TEACHER LAYOFFS • "Last hired, first fired" will wreck what Hartford schools have built
Hartford Courant Editorial
May 22, 2010
His present troubles notwithstanding, Mayor Eddie Perez has made one hugely important change in Hartford. He hired and supported a school superintendent, Steven Adamowski, who performed major surgery on a school system that was barely registering a pulse.
Mr. Adamowski redesigned the system, closed failing schools and created choices for students and parents. His changes, along with those wrought by the Sheff v. O'Neill desegregation lawsuit, are perhaps the most positive occurrences in Hartford in at least a decade, if not longer.
With the prospect looming of teacher layoffs, it's vital this momentum continue. To that end, the state Board of Education should, at its June meeting, eliminate citywide seniority in favor of school-based seniority.
Hartford anticipates up to 180 layoffs this year, half of which could be teachers. Under existing rules, the last hired are the first fired, as newer teachers are "bumped" by more senior ones from any school in the district.
That might have made sense when the schools were more or less the same. But that's no longer the case. Mr. Adamowski has created an array of specialty schools with themes or methods that require teachers to have special qualifications or training. Principals of these schools have expended great effort assembling and training their staffs. To let anachronistic union rules break up these teams is not fair to the children.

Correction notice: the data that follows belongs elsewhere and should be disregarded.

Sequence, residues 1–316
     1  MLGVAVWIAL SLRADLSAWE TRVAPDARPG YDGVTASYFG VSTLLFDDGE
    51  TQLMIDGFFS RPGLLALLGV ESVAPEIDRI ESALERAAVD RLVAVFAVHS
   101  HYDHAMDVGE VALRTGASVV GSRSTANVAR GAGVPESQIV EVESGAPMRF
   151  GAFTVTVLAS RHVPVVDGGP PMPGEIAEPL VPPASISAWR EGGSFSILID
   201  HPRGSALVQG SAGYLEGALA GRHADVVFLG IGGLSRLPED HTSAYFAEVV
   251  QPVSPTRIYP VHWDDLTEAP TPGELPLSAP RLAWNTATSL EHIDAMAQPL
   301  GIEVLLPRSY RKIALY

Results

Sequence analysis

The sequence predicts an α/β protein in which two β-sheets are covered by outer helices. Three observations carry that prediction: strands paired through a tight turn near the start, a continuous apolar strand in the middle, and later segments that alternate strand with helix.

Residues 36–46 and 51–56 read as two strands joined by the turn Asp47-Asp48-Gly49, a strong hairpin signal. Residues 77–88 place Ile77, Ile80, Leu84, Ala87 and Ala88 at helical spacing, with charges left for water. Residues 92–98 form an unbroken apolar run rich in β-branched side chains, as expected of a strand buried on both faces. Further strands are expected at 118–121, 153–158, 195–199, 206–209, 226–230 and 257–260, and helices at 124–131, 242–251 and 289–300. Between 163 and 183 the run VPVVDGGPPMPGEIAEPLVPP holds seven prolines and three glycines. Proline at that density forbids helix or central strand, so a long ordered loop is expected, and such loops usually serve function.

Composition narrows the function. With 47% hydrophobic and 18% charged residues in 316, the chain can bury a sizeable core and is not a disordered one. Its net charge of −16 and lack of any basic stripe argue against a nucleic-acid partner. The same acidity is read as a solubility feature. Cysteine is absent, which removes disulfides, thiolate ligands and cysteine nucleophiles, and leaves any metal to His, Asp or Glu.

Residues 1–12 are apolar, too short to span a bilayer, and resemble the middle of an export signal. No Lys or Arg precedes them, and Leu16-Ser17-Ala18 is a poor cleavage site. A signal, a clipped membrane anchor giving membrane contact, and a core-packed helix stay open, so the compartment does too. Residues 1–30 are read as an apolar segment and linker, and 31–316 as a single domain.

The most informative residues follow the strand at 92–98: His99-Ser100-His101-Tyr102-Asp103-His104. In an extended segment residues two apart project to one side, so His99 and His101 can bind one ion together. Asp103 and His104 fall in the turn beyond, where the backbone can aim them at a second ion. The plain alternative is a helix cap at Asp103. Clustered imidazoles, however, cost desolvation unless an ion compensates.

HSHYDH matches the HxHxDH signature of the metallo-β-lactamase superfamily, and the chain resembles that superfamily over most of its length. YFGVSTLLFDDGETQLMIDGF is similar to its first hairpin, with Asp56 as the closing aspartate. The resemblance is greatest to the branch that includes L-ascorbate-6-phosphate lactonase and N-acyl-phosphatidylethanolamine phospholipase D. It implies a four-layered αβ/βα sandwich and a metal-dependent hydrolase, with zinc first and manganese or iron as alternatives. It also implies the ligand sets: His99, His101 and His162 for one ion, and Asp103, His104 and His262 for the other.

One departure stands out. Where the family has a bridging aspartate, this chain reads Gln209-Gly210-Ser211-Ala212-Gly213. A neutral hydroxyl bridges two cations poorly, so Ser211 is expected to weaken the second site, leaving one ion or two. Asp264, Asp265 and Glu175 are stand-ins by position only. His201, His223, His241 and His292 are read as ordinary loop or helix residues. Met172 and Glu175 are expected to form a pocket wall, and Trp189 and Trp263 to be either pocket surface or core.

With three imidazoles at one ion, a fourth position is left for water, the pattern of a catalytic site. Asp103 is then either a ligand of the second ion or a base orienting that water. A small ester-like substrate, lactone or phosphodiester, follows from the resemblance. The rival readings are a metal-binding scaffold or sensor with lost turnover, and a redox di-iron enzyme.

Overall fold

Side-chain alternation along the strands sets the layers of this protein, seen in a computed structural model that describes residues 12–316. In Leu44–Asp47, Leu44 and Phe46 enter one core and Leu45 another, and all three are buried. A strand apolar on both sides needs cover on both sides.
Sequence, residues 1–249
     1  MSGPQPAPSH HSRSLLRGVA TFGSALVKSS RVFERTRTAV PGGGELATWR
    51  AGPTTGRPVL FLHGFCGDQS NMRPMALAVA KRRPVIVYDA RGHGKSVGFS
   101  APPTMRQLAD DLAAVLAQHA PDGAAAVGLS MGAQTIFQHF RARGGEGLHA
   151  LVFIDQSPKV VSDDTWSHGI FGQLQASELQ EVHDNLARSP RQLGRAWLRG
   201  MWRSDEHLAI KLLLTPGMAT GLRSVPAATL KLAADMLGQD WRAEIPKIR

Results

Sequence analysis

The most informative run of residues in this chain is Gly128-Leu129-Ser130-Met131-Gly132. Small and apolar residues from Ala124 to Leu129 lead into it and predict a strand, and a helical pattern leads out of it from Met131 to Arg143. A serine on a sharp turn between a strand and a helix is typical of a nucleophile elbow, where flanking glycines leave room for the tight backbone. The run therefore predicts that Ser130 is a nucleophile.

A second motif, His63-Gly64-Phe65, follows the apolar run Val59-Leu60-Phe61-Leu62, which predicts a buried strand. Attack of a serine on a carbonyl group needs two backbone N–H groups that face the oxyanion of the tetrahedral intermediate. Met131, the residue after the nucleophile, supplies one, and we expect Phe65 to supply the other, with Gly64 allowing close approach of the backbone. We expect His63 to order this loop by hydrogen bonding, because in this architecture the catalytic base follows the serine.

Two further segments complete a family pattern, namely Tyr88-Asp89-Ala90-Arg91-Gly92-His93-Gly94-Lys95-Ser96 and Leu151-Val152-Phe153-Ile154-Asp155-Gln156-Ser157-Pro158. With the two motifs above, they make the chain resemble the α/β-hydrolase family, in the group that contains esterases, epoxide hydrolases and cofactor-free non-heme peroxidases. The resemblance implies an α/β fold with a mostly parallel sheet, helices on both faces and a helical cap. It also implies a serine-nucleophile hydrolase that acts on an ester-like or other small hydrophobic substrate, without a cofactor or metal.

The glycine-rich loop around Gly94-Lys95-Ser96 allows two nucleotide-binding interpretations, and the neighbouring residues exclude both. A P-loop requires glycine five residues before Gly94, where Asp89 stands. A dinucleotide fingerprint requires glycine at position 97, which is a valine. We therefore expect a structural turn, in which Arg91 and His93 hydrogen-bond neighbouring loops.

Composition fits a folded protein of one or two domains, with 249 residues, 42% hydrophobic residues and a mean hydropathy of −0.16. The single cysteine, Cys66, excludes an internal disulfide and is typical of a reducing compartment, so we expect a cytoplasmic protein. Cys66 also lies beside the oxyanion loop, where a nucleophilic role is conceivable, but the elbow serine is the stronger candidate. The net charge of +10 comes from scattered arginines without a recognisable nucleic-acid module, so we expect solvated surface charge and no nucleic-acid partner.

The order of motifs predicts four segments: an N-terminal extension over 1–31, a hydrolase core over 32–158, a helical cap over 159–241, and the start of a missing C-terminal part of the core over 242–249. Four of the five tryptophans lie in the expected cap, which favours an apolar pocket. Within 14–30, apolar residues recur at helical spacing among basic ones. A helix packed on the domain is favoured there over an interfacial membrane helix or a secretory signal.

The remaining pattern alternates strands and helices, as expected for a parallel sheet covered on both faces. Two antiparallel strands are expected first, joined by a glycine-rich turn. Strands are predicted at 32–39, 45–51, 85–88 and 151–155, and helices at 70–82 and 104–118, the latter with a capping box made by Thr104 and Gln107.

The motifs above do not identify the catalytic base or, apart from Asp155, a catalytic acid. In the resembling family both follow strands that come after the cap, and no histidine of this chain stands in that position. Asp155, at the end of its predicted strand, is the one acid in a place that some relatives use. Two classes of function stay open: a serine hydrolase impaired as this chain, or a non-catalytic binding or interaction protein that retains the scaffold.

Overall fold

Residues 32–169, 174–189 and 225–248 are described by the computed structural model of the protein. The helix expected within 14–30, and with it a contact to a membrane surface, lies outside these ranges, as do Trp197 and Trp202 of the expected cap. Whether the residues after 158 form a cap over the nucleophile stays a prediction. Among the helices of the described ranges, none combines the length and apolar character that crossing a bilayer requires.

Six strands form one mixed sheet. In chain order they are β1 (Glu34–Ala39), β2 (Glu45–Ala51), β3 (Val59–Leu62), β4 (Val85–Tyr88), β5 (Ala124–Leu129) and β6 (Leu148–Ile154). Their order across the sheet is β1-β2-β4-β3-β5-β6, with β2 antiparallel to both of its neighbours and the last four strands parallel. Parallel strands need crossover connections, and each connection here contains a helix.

In the best of all worlds, performance — not seniority or connections — would determine who stays in the classroom. A few states have moved in this direction. Hartford doesn't go that far. The city's school board asks only that seniority rules be applied within a school building.
It would be good if this could be negotiated (talks have been underway with a mediator this week), if the city and the teachers union could reach an agreement like the contract signed earlier this year in Philadelphia, which allows nearly all teaching vacancies to be filled by "mutual consent" of the teacher and principal.
But lacking that, the state should end citywide seniority. The step wouldn't bust the union, but would help kids.
Reprinted with permission of the Hartford Courant.
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